Pleasing results from the Cervical Screening Programme
More Maori and Pacific women are having cervical smears as part of the National Cervical Screening Programme.
It was extremely pleasing to announce last week that more Maori and Pacific women have had cervical smears as part of the National Cervical Screening Programme during the past three years.
In the 36 months to January 2010, 54 percent of Maori women had cervical smears as part of the Programme, compared with 47 percent in the 36 months to September 2007.
In the 36 months to January 2010, 59 percent of Pacific women had cervical smears as part of the Programme, compared with 47 percent in the 36 months to September 2007.
This month is also Cervical Screening Awareness Month and I urge all women to use the month as a prompt to think about when they last had a cervical smear.
Approximately 160 New Zealand women develop cervical cancer every year with about 60 dying from the disease so having regular cervical smears is really important as it can reduce a woman's risk of developing cervical cancer.
I don't normally talk about statistics, when I'm talking about health, because it's hard to see the connection between the numbers and the real quality of life that I'm interested in. But these numbers of fatalities certainly make you think.
If it's a matter of choosing life or death; or a bit of embarrassment or perhaps discomfort; I know I'd choose life any day.
Traditionally Maori and Pacific women have lower cervical screening rates and higher rates of cervical cancer so it is great news that screening rates for these women have increased, potentially saving lives and greatly reducing their chances of developing cervical cancer.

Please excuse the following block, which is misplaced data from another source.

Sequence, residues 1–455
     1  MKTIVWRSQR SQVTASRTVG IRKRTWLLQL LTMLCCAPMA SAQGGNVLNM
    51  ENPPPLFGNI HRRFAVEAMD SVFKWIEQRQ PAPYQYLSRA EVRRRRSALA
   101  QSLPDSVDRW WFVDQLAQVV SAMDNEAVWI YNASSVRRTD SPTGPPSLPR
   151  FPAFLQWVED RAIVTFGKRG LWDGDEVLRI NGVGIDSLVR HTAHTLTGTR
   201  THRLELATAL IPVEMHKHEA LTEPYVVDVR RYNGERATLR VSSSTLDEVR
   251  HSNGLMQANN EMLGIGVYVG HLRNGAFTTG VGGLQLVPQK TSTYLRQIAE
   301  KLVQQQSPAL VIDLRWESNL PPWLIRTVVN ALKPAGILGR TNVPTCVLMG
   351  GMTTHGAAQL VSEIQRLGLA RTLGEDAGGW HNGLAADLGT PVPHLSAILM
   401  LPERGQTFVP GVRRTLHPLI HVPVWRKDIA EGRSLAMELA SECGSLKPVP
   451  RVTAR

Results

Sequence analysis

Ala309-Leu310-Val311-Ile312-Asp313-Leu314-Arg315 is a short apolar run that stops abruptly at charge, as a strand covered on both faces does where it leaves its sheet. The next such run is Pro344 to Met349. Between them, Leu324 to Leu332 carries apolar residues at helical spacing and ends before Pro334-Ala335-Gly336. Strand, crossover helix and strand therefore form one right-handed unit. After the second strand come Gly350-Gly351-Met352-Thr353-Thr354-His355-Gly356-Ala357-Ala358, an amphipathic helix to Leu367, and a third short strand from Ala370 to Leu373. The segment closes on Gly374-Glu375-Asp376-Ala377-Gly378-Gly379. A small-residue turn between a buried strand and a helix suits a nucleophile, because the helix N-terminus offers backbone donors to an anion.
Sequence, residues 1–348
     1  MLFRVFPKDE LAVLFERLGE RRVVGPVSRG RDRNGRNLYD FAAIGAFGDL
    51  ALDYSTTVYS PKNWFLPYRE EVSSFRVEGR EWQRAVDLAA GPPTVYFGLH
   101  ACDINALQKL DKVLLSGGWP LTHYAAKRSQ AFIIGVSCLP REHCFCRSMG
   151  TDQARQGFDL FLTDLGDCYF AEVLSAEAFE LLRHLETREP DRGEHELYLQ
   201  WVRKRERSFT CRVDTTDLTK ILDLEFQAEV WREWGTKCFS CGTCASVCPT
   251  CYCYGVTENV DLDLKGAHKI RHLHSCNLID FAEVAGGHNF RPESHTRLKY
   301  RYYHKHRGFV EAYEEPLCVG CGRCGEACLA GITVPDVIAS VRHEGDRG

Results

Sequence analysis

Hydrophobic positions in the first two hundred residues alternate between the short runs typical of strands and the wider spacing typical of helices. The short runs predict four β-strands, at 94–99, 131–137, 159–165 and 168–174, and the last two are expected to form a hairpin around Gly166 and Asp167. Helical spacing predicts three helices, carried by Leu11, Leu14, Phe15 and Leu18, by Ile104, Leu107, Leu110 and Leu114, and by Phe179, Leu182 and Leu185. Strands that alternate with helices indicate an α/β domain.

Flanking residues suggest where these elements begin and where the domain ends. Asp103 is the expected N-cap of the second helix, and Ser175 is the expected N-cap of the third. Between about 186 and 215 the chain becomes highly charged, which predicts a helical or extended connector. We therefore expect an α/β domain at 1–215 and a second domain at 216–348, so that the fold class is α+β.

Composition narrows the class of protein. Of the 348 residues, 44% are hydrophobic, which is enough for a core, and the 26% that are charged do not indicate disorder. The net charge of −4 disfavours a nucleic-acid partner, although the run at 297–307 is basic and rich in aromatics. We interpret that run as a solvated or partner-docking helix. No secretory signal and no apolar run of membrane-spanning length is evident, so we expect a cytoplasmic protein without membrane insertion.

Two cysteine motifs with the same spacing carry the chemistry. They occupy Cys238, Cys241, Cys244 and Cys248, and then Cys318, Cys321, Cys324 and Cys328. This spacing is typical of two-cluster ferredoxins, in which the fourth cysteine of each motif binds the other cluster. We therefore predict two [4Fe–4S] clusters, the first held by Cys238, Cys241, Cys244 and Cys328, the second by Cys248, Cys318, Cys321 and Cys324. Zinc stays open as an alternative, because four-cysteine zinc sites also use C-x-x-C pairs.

I am in no doubt that the increase in women having smears can be put down to the successful public education campaign urging women to have smears so they would be there for their whanau.
I have had extremely positive feedback about the campaign and in particular the advertisements featuring Pacific women. Every time I see the advertisements I can't help but have a giggle at the humour that is used and if it helps raise awareness and save lives then that is even better.
This month we are launching new commercials which we hope will be equally well received by women and will continue to encourage women to have regular cervical smears.
I also know that the increase in screening numbers is also attributable to health promotion activities and the efforts of providers to recruit women to the programme.
It is so important that women feel comfortable about having smears and I know providers are working very hard to assure women that regular smears are important to maintaining a healthy lifestyle. Most women between the ages of 20 and 70 should have a smear every three years.
Ultimately cervical screening is about saving lives and adding to the lifespan of our mothers, aunties and daughters. What better goal can there be than that?
Other stories in this section:
KC News: the Internet Newspaper for the Kapiti Coast